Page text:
To monitor for ILD, the recommendation is to perform high-resolution CT scans at baseline and every six to twelve weeks. If the ILD is asymptomatic, the recommendation is to hold the drug, treat with steroids and then resume the drug if ILD resolves in <28 days.

If the ILD is symptomatic (ex: shortness of breath), a scan is recommended. If the scan reveals ILD, the medication needs to be permanently discontinued. “It can be hard to know the cause of ILD," says Dr. Ali. "In these cases, we consult with our pulmonology colleagues to rule out alternative causes but in clinical practice, that can often be very challenging.”

Cardiac function. Performing echocardiograms every three to six months is recommended for patients on T-DXd, since it can cause cardiac function decline. Rates of this side effect are low (grade 3 or lower in 0 to 1.5% of patients across DESTINY trials), and occur more frequently in heavily pretreated patients.

Nausea. T-DXd is considered a high emetogenic medication. As such, physicians should preemptively and aggressively treat for nausea. The current recommendation is to prescribe the combination of olanzapine, dexamethasone, an NK-1 inhibitor and a selective 5-HT3 receptor antagonist.


Careful surveillance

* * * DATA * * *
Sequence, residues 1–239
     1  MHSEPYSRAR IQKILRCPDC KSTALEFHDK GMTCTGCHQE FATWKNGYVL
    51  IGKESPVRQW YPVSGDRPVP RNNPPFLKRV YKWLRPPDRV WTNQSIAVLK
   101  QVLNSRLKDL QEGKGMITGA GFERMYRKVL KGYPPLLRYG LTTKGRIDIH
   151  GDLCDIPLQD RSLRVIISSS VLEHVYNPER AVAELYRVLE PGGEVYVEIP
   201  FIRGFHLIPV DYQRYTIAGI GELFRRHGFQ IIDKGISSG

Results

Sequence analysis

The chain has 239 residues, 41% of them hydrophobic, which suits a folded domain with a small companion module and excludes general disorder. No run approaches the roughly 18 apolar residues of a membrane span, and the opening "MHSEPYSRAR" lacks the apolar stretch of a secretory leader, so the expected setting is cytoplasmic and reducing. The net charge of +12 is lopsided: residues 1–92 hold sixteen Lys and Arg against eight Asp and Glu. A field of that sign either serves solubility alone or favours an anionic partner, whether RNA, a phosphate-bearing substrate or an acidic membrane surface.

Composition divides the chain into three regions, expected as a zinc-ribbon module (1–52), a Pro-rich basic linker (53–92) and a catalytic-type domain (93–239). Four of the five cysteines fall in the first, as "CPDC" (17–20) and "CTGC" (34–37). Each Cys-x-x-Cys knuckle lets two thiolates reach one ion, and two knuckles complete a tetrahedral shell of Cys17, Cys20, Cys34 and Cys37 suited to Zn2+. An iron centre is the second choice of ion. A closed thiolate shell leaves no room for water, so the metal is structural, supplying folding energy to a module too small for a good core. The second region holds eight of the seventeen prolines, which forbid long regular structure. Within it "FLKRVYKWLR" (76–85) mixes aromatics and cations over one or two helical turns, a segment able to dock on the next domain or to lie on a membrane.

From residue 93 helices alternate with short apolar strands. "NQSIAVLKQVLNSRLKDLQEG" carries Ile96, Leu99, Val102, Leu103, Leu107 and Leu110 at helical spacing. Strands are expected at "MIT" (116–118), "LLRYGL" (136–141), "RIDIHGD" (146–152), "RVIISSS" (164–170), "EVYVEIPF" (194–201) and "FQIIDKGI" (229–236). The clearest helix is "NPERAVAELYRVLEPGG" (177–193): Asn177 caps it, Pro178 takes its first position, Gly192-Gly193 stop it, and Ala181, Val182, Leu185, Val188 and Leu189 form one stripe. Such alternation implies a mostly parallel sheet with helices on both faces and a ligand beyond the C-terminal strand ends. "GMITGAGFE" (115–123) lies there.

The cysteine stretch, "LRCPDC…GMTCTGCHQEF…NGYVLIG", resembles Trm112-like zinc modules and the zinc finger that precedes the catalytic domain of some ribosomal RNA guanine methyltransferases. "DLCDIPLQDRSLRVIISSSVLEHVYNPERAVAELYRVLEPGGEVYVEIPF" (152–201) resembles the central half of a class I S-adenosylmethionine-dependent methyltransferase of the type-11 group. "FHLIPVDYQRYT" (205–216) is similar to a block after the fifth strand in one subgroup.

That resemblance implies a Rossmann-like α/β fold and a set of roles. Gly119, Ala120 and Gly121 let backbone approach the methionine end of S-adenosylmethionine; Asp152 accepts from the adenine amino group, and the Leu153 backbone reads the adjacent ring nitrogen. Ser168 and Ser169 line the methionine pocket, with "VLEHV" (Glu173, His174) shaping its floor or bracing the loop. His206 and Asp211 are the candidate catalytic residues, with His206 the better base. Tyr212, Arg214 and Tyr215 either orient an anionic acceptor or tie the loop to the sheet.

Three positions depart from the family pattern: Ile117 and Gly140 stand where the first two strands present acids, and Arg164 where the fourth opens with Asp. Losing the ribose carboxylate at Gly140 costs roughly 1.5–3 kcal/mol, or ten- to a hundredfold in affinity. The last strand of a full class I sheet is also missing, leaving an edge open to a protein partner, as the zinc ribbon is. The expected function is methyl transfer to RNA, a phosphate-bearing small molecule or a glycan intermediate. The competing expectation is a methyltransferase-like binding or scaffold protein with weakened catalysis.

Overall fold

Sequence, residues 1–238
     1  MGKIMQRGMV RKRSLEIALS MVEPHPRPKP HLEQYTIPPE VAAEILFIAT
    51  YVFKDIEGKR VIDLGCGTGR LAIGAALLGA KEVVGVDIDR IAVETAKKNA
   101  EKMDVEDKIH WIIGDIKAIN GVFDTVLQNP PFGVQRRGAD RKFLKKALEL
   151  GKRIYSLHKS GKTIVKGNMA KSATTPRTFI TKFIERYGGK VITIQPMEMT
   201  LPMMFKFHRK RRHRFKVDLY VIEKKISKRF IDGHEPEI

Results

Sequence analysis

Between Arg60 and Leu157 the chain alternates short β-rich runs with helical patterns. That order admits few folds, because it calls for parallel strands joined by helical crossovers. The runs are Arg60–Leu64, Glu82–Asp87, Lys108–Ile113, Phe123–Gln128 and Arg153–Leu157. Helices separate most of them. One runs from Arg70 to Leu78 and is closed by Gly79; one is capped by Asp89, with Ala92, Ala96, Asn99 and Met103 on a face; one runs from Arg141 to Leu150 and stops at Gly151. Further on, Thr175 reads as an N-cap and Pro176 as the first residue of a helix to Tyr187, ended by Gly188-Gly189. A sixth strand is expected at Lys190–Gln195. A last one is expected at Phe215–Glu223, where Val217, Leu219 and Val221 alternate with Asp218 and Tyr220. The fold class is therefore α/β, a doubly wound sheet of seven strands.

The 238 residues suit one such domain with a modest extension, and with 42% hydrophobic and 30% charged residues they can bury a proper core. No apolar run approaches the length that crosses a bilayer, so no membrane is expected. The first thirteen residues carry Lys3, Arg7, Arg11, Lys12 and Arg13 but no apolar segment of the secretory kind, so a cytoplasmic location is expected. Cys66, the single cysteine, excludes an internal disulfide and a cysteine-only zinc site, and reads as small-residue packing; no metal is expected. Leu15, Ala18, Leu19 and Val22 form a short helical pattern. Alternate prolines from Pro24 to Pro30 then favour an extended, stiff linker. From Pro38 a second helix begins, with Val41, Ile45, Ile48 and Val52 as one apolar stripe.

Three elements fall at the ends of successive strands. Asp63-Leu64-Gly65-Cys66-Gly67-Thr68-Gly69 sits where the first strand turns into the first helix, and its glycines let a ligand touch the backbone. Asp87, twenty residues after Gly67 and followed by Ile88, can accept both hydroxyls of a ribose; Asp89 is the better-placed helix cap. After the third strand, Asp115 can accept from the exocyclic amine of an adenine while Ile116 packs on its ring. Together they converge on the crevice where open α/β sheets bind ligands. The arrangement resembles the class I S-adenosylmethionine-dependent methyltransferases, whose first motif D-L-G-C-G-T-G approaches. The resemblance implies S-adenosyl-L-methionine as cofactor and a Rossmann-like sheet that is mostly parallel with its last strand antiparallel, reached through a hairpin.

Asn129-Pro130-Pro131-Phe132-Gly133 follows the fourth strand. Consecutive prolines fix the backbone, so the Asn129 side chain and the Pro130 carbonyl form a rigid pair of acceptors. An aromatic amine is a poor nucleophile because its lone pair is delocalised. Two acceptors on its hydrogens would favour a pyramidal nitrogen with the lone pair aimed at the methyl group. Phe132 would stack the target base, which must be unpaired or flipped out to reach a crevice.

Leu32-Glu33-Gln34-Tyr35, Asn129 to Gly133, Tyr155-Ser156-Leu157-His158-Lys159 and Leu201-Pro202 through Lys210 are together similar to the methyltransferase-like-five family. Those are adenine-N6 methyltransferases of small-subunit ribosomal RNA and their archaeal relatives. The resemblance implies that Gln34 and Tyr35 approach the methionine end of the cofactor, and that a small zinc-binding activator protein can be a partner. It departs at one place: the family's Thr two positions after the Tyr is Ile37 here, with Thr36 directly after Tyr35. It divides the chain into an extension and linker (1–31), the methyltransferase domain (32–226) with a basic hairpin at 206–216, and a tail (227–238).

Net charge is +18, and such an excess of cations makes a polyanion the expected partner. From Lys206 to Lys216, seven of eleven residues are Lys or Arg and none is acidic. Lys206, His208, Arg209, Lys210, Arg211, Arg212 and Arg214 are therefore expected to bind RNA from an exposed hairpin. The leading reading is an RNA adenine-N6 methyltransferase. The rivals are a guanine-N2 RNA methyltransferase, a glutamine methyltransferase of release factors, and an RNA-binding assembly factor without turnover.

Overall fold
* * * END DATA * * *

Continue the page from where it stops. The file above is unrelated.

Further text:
“As we learn more about these novel drugs, we should be careful in identifying toxicities and have a low threshold for dose reduction if we reached a toxicity that is more than what was encountered in clinical trials,” says Dr. Ali. “This is where the package insert is very helpful. It contains a wealth of information to tell us exactly how trials were performed and what the drug manufacturer recommends for dose reductions.”

What's next?

Although T-DXd holds much promise, researchers are seeking more data to better understand its ideal application. "One hot question that continues to vex us is how do we sequence some of these novel therapies?" says Dr. Ali. "Sacituzumab govitecan is another ADC that has clinical activity in both HR-negative and HR-positive patients, and we do not know if that should be used before or after T-DXd. Both options are now available in the second line setting but we don’t yet have enough data to know which should come first.”

Another area of interest is which medication is best equipped to protect against brain metastasis. Although there are data to support that T-DXd has a remarkable ability to traverse the blood-brain barrier, this was only demonstrated in a small number of patients (double digits). The three-drug regimen Herceptin, tucatinib and capecitabine also demonstrated CNS penetration in a phase 3 study of hundreds of patients. Until there is more robust data available about T-DXd in this setting, the combination of herceptin, tucatinib and capecitabine remains the preferred option for many.

The knowledge base we have about T-DXd is growing. “Therapies like this are enabling treatment to become more personalized,” says Dr. Ali. “As T-DXd moves up in earlier in the line of treatment, we continue to seek answers to questions about resistance mechanisms, manageable safety profiles and optimal sequencing.”

To refer a patient to Cleveland Clinic Cancer Institute, visit clevelandclinic.org/cancerpatientreferrals. You will receive a confirmation once the appointment is scheduled.